WKYT | Lexington, Kentucky | News, Weather, Sports

Shipping giants rush to deliver holiday packages

LOUISVILLE, Ky. (AP) - Mellany Sorrell's face glistened with
sweat as she lifted packages and seemed in constant motion during
the holiday rush at the epicenter of UPS' global air shipping
network.
The 29-year-old methodically hoisted boxes and put them gingerly
onto a conveyor belt - keeping them on a synchronized journey that
could end under countless Christmas trees. After emptying a hulking
container so big that she could step inside it, Sorrell caught her
breath before starting again with another container stuffed with
boxes. Each container holds up to 6 tons of cargo.
The holiday shipping rush is expected to peak for UPS on Monday,
when the world's largest shipping carrier projects it will deliver
about 22 million small packages. For the entire holiday season, UPS
plans to deliver roughly 400 million packages worldwide, up
slightly from the 2008 holiday season.
There is no syrupy Christmas music blaring inside the massive
UPS Worldport hub in Louisville, Ky., only the roar of conveyor
belts. Still, workers say they get caught up in the holiday spirit.
"You're making millions of people's Christmases come true,"
said Matthew Deeds, a supervisor.
Co-worker John Pidwell added, "We're basically playing Santa
Claus."
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Winter storm knocks out power in eastern Ky.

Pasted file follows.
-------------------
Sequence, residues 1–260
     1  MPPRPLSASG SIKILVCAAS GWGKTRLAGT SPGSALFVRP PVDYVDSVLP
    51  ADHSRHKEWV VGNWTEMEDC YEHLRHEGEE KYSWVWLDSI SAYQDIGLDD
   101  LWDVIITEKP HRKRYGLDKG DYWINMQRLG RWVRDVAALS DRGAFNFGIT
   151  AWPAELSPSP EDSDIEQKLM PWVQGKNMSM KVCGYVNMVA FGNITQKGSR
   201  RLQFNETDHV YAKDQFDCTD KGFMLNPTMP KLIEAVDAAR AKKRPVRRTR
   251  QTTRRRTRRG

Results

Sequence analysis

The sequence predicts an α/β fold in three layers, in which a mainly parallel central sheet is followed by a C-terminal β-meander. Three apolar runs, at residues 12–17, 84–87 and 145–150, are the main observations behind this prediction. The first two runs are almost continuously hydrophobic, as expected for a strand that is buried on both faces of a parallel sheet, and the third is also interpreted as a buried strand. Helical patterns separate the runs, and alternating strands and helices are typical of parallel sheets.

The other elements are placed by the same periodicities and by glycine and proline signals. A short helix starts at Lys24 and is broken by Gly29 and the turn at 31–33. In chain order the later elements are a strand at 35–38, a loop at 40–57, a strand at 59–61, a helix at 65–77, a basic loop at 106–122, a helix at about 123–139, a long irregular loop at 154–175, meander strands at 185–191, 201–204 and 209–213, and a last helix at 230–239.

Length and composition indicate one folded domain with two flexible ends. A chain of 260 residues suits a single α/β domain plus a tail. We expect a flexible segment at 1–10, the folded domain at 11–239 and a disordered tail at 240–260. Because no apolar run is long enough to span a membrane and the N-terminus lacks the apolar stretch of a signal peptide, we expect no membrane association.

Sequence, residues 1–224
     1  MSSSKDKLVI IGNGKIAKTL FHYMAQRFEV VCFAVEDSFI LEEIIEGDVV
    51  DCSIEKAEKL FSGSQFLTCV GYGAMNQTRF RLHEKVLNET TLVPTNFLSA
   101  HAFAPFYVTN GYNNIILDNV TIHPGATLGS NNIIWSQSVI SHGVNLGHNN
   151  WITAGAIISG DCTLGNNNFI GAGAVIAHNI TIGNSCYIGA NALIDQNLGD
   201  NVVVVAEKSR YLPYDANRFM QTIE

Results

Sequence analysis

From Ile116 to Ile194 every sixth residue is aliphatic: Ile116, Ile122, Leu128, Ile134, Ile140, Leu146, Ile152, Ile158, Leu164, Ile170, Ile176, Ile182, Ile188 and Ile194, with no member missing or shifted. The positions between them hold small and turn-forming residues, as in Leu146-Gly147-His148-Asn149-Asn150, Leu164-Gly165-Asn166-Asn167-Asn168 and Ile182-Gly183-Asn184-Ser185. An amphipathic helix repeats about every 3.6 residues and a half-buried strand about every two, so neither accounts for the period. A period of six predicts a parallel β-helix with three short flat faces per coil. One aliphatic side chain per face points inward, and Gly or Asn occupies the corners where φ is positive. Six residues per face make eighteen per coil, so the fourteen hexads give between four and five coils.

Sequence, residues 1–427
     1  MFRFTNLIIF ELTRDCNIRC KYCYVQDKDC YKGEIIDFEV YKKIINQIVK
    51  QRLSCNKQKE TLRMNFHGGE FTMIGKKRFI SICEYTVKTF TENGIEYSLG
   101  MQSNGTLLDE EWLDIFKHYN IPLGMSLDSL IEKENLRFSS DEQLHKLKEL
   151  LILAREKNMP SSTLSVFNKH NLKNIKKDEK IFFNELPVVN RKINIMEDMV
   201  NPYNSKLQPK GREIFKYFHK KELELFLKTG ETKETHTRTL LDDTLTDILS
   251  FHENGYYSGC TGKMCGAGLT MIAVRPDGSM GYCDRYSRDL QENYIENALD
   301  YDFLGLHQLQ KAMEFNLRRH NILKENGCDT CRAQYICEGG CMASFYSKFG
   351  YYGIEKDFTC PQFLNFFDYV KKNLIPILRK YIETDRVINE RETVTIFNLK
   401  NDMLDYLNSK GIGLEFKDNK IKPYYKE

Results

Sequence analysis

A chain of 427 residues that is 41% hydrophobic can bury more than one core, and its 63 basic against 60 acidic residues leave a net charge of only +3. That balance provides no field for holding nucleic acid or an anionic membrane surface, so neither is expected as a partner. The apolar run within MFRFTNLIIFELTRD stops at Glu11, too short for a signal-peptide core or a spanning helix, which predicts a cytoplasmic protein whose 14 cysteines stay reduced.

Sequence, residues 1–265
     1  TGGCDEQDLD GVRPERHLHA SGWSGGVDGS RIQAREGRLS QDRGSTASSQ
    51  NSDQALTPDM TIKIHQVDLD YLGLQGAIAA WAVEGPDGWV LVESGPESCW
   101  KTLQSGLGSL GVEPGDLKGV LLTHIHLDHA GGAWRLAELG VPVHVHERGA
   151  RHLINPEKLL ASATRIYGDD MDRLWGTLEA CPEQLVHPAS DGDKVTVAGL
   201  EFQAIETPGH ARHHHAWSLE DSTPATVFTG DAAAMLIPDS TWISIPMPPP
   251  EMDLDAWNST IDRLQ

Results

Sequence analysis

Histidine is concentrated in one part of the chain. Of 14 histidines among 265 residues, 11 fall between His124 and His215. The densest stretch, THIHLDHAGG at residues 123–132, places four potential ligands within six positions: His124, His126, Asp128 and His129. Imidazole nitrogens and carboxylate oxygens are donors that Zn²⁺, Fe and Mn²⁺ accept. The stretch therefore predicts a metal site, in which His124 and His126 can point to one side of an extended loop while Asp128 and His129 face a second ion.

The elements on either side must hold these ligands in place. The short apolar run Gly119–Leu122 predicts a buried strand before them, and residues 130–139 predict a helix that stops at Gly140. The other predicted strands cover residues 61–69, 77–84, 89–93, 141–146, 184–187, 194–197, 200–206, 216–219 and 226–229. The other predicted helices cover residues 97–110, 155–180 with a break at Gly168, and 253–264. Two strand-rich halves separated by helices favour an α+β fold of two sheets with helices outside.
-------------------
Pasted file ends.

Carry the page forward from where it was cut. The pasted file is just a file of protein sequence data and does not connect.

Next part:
PIKEVILLE, Ky. (AP) - Snow blanketed parts of eastern Kentucky
on Sunday from a storm that knocked out power to more than 75,000
people.
About three dozen people spent the night in a Red Cross shelter
at Pike Central High School in Pikeville, near the Kentucky-West
Virginia border, an area with more than 24,000 homes reported
without power.
"We're together, so that's what I'm thankful for. Everybody is
warm and safe," said Marlena Varnes, who spent the night at the
shelter with her husband, Daniel, and their eight children. "It's
better than being cold."
The storm dropped record amounts of snow along the East Coast,
including 2 feet in Medford, N.J., a suburb of Philadelphia.
In Kentucky, heavy snow fell on trees, knocking them on to power
lines, which caused some areas, including parts of the
Appalachians, to go dark.
Kentucky National Guard Brigadier Gen. John Heltzel said about
87,000 homes were without power as of noon Sunday. The Kentucky
Public Service Commission listed power outages in 26 counties,
primarily in eastern Kentucky. The central and western parts of the
state were spared the worst of the snowstorm.


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